Airspeed Indicators : What To Know
An Airspeed Indicator is an instrument that measures the speed of an aircraft relative to the surrounding air through the difference between the pressure of still air (static pressure) and the moving air compressed by the aircraft’s forward motion (ram pressure). As speed increases, so too does the difference in these two pressures. This blog will explain how the airspeed indicator works as well as its greater role in an aircraft instrumentation system.
Airspeed indicators employ a Pitot tube to measure the air pressure differential. A Pitot tube is a U-shaped apparatus with two openings. One opening is perpendicular to the flow of air past the aircraft and the other faces directly into the flow. A bend in the tube is filled with mercury or a similar fluid, forming parallel columns balanced by the air pressure on each side. When static and ram pressure are the same, the two columns have the same height. As ram pressure increases, the mercury on that side of the tube is pushed back, causing the columns to become unbalanced. The difference of the columns can then be calibrated to indicate the speed. This value is known as indicated airspeed and can be represented in knots, miles per hour, and other measurements. For example, faster jet aircraft employ indicators that measure airspeed relative to the speed of sound, in a unit called Machmeters.
In two-pilot aircraft, both pilots have an ASI, each fed from an independent Pitot-static system. Should one system fail, both ASIs can be fed from the same Pitot tube. Most commercial aircraft also have a third ASI as a backup. On older aircraft, airspeed is indicated to the pilot via a graduated scale over which a pointer moves. Modern aircraft indicate airspeed on a speed tape which forms part of the electronic flight instrument system display. Calibration of the airspeed is critical to its operation, but because it is calibrated at a standard temperature and pressure, its readings are inaccurate at different temperatures and altitudes. An uncorrected indicated airspeed can still be used to estimate an aircraft’s tendency to stall.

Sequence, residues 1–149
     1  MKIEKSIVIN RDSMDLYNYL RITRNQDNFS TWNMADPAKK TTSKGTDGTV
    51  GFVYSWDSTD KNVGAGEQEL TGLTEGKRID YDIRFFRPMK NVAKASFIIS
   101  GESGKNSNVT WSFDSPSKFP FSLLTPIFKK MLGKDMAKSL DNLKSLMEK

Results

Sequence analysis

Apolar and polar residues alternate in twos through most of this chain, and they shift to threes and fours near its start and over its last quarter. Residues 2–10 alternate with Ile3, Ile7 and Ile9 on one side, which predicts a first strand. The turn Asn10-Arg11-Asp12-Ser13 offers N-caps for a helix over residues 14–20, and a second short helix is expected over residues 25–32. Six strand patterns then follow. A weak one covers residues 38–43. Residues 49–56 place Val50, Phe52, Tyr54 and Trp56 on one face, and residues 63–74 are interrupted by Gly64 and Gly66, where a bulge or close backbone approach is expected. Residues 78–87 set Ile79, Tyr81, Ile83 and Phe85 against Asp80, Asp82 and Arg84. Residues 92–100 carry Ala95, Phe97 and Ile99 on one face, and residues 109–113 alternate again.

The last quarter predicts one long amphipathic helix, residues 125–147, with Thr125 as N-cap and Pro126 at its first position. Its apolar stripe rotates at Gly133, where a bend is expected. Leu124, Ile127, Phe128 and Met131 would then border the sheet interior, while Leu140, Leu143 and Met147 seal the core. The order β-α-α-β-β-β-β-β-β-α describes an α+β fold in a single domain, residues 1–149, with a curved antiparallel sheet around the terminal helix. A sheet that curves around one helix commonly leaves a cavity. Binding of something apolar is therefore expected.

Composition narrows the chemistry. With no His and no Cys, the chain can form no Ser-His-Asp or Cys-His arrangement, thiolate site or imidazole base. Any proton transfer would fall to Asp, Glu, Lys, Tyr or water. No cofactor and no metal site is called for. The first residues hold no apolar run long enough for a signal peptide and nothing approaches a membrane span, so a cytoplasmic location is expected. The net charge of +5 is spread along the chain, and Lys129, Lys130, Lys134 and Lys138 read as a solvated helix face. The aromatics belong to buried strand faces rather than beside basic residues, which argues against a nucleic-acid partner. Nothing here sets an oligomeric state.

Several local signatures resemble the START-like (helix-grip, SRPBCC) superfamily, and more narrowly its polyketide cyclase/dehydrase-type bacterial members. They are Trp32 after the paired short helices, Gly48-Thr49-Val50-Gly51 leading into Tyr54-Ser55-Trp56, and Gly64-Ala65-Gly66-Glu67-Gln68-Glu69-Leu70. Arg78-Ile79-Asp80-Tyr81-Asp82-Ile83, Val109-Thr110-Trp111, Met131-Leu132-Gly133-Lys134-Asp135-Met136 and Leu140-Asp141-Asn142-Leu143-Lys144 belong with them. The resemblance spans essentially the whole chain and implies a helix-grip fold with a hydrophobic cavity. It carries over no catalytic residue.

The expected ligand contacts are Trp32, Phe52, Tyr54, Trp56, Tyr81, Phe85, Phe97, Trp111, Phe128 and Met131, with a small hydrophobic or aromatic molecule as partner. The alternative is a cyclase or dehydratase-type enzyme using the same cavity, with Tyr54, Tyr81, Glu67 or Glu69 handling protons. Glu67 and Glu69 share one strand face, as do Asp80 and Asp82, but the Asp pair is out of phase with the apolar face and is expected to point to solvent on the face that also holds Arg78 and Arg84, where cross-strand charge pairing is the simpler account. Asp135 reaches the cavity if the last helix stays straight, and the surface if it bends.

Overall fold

There are two types of airspeed: indicated airspeed and true airspeed. The speed listed on the ASI is the indicated airspeed, and represents the speed of the aircraft relative to the body of air through which it is flying. True airspeed, however, is the airspeed corrected for altitude and temperature. Of the two, Indicated airspeed is more important to the pilot from an aerodynamics point of view. This is because true airspeed varies with altitude and temperature, while indicated airspeed does not. Therefore, critical speeds such as stalling speed and structural limit speeds remain constant regardless of ambient conditions.
Indicated airspeed depends on the density of the air, which changes with ambient temperature and pressure. As such, indicated airspeed is only the measure of the speed over the ground at sea level in conditions such as 1013.2 hPa (hectopascal pressure units, used to measure air pressure) and temperatures higher than 15 degrees celsius. In all conditions but these, the indicated airspeed will differ from the true airspeed. For instance, at an elevation of 30,000 feet, the true airspeed will be over 50% higher than the indicated airspeed. This is why calculations must be made to note the difference between indicated and true airspeed. There are instruments that record true airspeed, though they are still very uncommon in commercial aircraft.
When True Airspeed exceeds 300 knots, another factor must be accounted for. At this speed, the air entering the Pitot head begins compressing, causing the airspeed indicator to overread. The amount by which the indicator overreads is dependent on a combination of the indicated airspeed and ambient conditions. This error can be corrected for if desired, and other errors within the Pitot system can be reduced greatly by careful situating of the Pitot tube and static vents, as well as by accurate calibration.
A third type of speed, known as ground speed, also exists. Ground speed is the horizontal speed of an aircraft relative to the ground. An aircraft moving vertically has a ground speed of zero. Ground speed is calculated by the sum of the aircraft’s true airspeed and the current wind speed and direction. It is not commonly used by pilots and operators, though in commercial aircraft, the speed displayed to passengers through the aircraft entertainment system is often given in ground speed.